This is a vegetarian dish, but I had a ton of hamburger turning brown in the fridge, and I rightly assumed this would be a fantastic side dish to a meatloaf. However, I think with the addition of more cheese, perhaps layered in, or a ricotta layer, this dish would easily stand on its own. It is listed in the "Main Dish" section of the Spring season. This would be great as a potluck casserole, or perhaps something to bring to a new mom, and I bet it would freeze well.

Awesome. Hubby tried it and added an extra scoop to his lunch box for work. The kids thought it tasted like pizza and asked me to make it again tomorrow. It was easy, and again inexpensive to make. The taste is sweet, starchy, filling, tangy, with the cheesy stretch every good casserole should have. Even if you don't like parsnips, try this! The tomato sauce really brings out the sweetness in the root. If I had to make it again I would peel the parsnips before slicing. This would be a fantastic alternative to lasagna for the vegetarian or gluten free diet.

Friday, April 2, 2010

Cream of Asparagus Soup

"Even if monks live in the desert, far from the tumult of the citiy and public affairs, they neglect nothing either in their actions or in their words, to make of their heart an inviolable sanctuary and to preserve intact that purity which permits them to enter into communication with God to the degree compatible with human strength. " ~Saint John Chrysostom

So some people have asked me for recipes. Since this book is copyrighted and still in print I don't feel comfortable printing for free online, the entire contents of the book. But, you can purchase the book to follow along yourself, and every so often I'll give you hints, so perhaps you might figure it out. In cases where I have to alter the recipe so much for allergy reasons that I essentially make it my own, I will share the recipe.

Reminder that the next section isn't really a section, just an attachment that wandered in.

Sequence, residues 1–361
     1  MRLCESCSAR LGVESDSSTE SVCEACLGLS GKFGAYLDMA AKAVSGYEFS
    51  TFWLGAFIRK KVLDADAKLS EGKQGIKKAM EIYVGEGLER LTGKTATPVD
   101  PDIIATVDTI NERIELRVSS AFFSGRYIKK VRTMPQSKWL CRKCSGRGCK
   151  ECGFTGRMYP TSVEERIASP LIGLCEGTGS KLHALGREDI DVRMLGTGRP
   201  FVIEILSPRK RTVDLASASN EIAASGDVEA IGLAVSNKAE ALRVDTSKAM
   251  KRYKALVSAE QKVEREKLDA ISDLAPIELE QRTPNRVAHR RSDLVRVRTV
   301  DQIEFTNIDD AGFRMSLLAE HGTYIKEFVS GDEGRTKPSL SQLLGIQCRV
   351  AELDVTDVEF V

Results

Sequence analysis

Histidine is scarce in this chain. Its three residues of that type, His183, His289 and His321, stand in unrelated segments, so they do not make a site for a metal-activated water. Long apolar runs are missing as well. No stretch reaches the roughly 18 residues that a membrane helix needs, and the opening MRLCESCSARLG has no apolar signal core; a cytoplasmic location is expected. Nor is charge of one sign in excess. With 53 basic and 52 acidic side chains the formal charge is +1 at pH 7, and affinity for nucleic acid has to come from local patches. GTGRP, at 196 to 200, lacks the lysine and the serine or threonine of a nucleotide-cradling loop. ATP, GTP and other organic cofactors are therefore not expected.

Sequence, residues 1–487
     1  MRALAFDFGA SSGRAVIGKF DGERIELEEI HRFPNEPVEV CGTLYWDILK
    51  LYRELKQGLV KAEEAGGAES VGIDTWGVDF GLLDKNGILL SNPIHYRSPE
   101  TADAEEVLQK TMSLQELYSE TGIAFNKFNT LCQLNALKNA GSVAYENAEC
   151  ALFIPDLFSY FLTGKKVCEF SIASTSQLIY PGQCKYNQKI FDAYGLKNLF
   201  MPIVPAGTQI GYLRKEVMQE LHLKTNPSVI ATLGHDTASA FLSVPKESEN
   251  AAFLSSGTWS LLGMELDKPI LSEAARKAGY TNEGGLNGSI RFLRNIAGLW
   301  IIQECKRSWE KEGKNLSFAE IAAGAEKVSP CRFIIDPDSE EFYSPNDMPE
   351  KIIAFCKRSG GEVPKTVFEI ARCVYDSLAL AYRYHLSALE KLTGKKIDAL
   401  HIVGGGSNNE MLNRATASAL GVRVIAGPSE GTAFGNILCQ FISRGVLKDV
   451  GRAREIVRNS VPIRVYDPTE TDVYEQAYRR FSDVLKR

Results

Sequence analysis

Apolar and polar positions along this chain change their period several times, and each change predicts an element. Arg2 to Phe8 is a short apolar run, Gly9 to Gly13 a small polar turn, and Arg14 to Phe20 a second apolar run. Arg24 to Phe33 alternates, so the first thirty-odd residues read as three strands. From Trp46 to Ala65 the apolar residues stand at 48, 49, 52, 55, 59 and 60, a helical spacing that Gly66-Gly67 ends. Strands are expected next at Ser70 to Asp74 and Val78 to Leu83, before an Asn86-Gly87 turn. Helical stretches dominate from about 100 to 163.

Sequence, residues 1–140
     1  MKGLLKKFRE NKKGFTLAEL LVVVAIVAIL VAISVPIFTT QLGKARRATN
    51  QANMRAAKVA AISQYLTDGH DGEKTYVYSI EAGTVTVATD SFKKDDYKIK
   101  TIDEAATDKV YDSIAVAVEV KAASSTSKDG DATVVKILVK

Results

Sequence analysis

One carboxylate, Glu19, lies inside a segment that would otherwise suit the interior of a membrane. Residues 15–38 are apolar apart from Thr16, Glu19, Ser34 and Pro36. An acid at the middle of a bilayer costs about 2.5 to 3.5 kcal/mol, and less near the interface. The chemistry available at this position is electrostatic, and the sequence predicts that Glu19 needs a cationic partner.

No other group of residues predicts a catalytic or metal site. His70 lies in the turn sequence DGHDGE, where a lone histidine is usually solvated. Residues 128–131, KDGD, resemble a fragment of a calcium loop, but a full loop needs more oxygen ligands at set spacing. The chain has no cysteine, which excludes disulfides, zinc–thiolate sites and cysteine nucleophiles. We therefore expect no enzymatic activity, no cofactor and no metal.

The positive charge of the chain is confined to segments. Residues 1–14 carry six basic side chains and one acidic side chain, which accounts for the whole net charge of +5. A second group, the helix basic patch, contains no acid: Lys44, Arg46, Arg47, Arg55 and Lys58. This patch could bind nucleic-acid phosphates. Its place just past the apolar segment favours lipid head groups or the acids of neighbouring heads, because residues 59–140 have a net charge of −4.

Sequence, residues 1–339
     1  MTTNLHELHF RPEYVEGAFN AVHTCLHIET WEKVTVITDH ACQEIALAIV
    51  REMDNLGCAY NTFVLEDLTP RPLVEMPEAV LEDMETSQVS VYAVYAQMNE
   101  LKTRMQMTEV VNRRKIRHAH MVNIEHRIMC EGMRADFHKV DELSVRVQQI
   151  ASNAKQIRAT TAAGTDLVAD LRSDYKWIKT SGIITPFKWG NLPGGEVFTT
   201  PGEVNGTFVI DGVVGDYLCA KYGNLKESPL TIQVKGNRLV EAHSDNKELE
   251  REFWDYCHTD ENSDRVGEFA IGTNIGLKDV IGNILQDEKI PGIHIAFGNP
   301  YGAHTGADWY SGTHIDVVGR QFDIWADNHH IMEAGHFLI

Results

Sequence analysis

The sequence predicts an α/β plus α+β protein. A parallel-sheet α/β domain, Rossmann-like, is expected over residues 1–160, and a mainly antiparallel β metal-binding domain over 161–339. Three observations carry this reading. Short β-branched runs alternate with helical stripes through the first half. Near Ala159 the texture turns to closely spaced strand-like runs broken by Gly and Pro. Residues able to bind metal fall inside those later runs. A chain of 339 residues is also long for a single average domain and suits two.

So um, you start like this.
I used to make a version of this recipe that was 2 cans of asparagus, and that was the only vegetable. It was good, but super high sodium. Frankly I don't recommend canned asparagus in general. It's smushy and gross and lacks a vast amount of the nutrition and fiber content you'd get from eating it fresh, and if possible, local.
I am lucky that Ohio being the farm state it is, a lot of food comes from here. Odds are much of what you're eating does too.
But moving something like this....
And you'll need to do this. No comments on how dirty my blender looks; it's well loved.
Next, scoop out a bowl for the casein intolerant in the household.
And then add some of this:

Verdict: Not bad, but a little bland. In the future I plan to use vegetable stock instead of water, and perhaps more asparagus. However, this was fast, inexpensive, filling, and super easy to make. The older two boys enjoyed it thoroughly and asked for more, and hubby took seconds to work with him, so I think it was well received. It was nice to have something healthy after a long day playing outside. A heavy meat dish would've just been wrong.

Wednesday, March 31, 2010

Minestrone Monastico

"At appointed times monks ought to be occupied with holy reading. Each monk shall receive a book from the library, which he should read from cover to cover. These books should be handed out at the beginning of Lent."

~from the Holy Rule of Saint Benedict

Tonight's meal was wonderfult. I did make it hoping for a brothy soup, and forgot about the beans, which thickened it to more of a cassoulet type of texture and flavor.